Q: Mr. Kofi Annan, if I understood well, you got some support in the countries you have just visited.  Could you please elaborate on the kind of support and also concretely, what are the actions that they are going to take in order to put pressure on Syria?

JSE: First of all, when we met here as an Action Group, all the members of the Action Group undertook to maintain sustained and effective pressure on the parties to implement the Security Council resolutions and first of all to take steps to stop the violence so that we can move on to the political dialogue. In both Iran and Iraq, the governments committed to supporting the six-point plan. They supported the idea of political transition, which will be Syrian-led and allow the Syrians to decide what their future political dispensation will be. Obviously they are going to use their influence in talking to the government and the parties in moving in that direction.

Q: My question is about the United Nations Mission, what is its future because it’s a whole month almost that there is nothing, no activities.  And I also would also ask how you evaluate the Russian proposition, the draft resolution to extend the mandate of the mission. Thank you.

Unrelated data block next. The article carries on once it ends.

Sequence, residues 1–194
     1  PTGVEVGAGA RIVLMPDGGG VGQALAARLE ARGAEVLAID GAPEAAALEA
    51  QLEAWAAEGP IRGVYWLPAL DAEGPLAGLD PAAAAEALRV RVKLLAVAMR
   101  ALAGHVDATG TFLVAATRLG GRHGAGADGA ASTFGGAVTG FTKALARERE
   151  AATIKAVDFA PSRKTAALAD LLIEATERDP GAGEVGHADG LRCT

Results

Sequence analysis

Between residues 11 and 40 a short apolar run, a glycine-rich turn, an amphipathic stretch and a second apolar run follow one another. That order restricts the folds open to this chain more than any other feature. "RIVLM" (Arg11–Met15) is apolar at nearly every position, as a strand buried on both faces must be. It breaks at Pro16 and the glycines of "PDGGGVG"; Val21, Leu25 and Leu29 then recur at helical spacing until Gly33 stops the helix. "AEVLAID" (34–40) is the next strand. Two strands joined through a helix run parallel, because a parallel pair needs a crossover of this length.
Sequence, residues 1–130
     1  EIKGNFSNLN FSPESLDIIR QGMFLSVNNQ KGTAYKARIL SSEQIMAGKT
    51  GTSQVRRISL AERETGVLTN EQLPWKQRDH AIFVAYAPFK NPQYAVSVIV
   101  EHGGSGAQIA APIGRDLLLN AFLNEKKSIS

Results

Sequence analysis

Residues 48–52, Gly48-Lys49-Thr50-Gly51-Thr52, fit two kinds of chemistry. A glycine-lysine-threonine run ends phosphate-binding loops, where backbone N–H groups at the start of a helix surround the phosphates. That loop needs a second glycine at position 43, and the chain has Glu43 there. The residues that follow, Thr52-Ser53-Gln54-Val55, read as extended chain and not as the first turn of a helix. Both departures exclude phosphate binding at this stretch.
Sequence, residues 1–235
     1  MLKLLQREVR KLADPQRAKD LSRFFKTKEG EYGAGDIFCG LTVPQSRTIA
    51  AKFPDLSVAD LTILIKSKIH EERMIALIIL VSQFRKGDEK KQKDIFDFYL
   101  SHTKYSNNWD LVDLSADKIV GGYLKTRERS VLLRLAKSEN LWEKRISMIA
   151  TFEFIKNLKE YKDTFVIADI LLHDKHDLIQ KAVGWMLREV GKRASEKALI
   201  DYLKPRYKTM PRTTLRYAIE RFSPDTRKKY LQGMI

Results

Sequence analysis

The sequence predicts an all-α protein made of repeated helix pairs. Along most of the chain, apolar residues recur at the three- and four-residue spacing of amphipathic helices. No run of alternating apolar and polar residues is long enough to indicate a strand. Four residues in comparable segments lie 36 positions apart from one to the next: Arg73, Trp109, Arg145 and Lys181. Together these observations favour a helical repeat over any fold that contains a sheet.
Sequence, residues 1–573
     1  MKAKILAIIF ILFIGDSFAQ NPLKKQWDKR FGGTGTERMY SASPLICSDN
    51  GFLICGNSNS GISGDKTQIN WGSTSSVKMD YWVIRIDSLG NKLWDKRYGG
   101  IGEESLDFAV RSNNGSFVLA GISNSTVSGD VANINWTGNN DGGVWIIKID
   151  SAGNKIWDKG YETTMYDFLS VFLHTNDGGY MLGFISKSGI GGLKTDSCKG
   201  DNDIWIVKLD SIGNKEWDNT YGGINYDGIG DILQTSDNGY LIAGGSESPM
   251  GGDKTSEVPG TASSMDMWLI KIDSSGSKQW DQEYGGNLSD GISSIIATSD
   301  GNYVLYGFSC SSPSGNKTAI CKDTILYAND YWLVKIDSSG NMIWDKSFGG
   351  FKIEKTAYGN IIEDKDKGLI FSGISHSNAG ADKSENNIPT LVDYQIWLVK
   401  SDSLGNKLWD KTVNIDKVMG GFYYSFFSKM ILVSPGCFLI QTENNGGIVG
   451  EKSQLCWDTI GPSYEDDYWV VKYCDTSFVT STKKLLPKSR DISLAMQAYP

JSE: Yes, this is an issue before the Security Council. In fact, we do have a Russian resolution on the table and the British Ambassador indicated that the P3 would also be putting a resolution on the table shortly.  The Secretary-General’s report is before them and he has given options as to what should be done and the decision is up to the Council.

Q: From what we understood, the outcome of the Action Group Meeting the Saturday before last was a very rare and highly valued one. But last week we read reports of your interview with Le Monde, where you said something like the efforts to mediate for the Syrian conflict had kind of failed. So we were kind of confused. Exactly what did you say, what did you mean and was the sentence taken out of context?

JSE: Let me repeat or say what I meant: that we have not been successful so far, we have so far not succeeded in ending the violence and moving forward, and it is still the fact today.  And I was urging all governments to work together, to work together to press the parties and to support the one mediation effort so we can succeed in the goal we all share. And if we unite --and this issue came up in the Council again today-- if the Council speaks with one voice, that voice is much more powerful than when it is divided.  And in the region, governments have common interests. First of all, we all want to protect the Syrian people, we all want to see the end to the conflict, we all want to see an end to violence, we all want to make sure it does not get out of hand,  that the conflict doesn’t get out of hand and spread to the region. So we have lots of common interests. How do we work together to achieve that common interest rather than move in different directions, in a manner where everyone loses and the Syrians will become the greatest victims.